Budhia Singh Born To Run cast: Manoj Bajpayee, Mayur Patole, Tillotama Shome
Budhia Singh Born To Run director: Soumendra Padhi
Can a movie change a life? After watching Budhia Singh: Born To Run, you wish for a miracle. Or anything that can help a young prodigy unlock his enormous potential.
At the age of four, Budhia ran the 65 km between Bhubaneshwar to Puri in a little over seven hours, and was featured in the Limca Book of World Records as the ‘youngest marathon runner in the world’. His feat, amazing for someone so young and frail, was lapped up by the media, and he began being hailed as Odisha’s pride. Overnight, he became a star; so did his controversial coach Biranchi Das, who rescued him, some said, from one kind of exploitation only to exploit him for his (Biranchi’s) own glory.
As is usually the case with films which state that they are ‘inspired by’ true events, instead of calling themselves bio pics, we are left wondering how much is fact and how much fiction. Some thorny things are bravely introduced and then left hanging: there is a build-up, for example, to a potential dope test scandal, but the result of Budhia’s test is left hazy (did it even happen?); do Biranchi and his wife have other means of income (they are shown collecting money from a few establishments in one throwaway scene; in the rest, they run a judo school cum orphanage); does Biranchi really think that depriving such a little boy of water in such searing heat during such a long race is a good idea or is he just being harsh and cruel (overtly concerned characters are shown asking these questions); does he do this because he really wants the boy to proudly participate in the 2016 Olympics (the date is mentioned loud and clear a couple of times) or are his efforts geared towards gaining personal publicity? Does the boy’s mother (Shome) understand the gravity of ‘selling’ her little boy to a travelling salesman, or is she truly confused and naïve? Are those politicians who can’t stand Biranchi’s guts as venal as they are made out, or have they been outlined too much?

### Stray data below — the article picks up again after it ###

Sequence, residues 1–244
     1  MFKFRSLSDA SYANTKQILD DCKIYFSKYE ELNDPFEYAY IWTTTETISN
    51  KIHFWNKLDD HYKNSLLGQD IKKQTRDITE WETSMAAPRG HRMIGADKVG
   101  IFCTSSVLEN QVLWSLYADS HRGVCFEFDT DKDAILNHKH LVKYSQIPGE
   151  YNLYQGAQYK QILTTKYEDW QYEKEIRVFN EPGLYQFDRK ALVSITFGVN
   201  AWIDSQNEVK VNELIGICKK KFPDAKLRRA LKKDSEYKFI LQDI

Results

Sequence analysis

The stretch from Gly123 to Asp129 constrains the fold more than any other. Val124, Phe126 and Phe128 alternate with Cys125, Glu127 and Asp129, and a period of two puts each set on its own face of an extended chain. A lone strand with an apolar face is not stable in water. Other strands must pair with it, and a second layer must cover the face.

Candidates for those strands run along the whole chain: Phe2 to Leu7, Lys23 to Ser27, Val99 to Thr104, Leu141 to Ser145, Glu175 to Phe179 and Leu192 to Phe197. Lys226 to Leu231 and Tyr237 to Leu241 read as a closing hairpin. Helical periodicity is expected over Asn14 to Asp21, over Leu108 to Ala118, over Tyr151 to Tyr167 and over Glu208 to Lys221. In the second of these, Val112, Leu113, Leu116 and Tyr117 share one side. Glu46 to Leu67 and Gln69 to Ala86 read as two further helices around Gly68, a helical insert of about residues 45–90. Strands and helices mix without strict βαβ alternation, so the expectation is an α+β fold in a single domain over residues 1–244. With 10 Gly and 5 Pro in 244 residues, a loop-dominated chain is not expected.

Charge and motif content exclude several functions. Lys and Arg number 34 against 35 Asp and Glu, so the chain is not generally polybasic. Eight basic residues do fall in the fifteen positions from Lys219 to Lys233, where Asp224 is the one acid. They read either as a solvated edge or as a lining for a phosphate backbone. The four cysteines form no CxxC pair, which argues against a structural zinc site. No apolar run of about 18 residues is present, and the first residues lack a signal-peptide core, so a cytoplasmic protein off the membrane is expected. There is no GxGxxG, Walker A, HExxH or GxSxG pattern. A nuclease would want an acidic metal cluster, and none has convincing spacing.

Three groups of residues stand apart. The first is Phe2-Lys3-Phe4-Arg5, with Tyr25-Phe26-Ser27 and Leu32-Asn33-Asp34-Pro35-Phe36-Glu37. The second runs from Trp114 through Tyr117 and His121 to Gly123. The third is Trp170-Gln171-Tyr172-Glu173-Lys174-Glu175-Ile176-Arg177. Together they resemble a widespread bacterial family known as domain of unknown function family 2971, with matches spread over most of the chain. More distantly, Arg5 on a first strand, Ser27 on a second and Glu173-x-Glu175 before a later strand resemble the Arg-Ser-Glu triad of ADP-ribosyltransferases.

But despite these hanging threads, and the questions that go unanswered, there’s enough zest in the warp and weft of the film, to keep us engaged. It has a welcome sense of pace and place with the use of authentic-sounding Oriya lines being kept at a minimum which is much better than everyone fumbling over the accent. The sequences with the coach and the boy are done well, as are the ones which feature the kids in the orphanage, displaying a nice mix of banter and discipline. Fittingly, the sport is kept at the centre of the narrative – both the boy and his coach are seen running, panting, stopping, resuming, practicing — the hard, punishing stuff that goes into the making of marathon men.
The lead performances are spot on. Bajpayee as Biranchi is stellar, playing him with just the right mixture of truculence and affection. And fittingly again, the real star of the movie is Budhia, played by Mayur Patole without an ounce of artifice: he runs with his entire being, with an eye on the finishing line.
The ‘real’ Budhia’s career has been stuck in bureaucratic sloth and carelessness. Can the film shine a spotlight on his plight and pull him back on track for the long haul?
Watch | Budhia Singh Born To Run trailer
That would be a real gift to the boy, who, as the tagline of the film says, was born to run.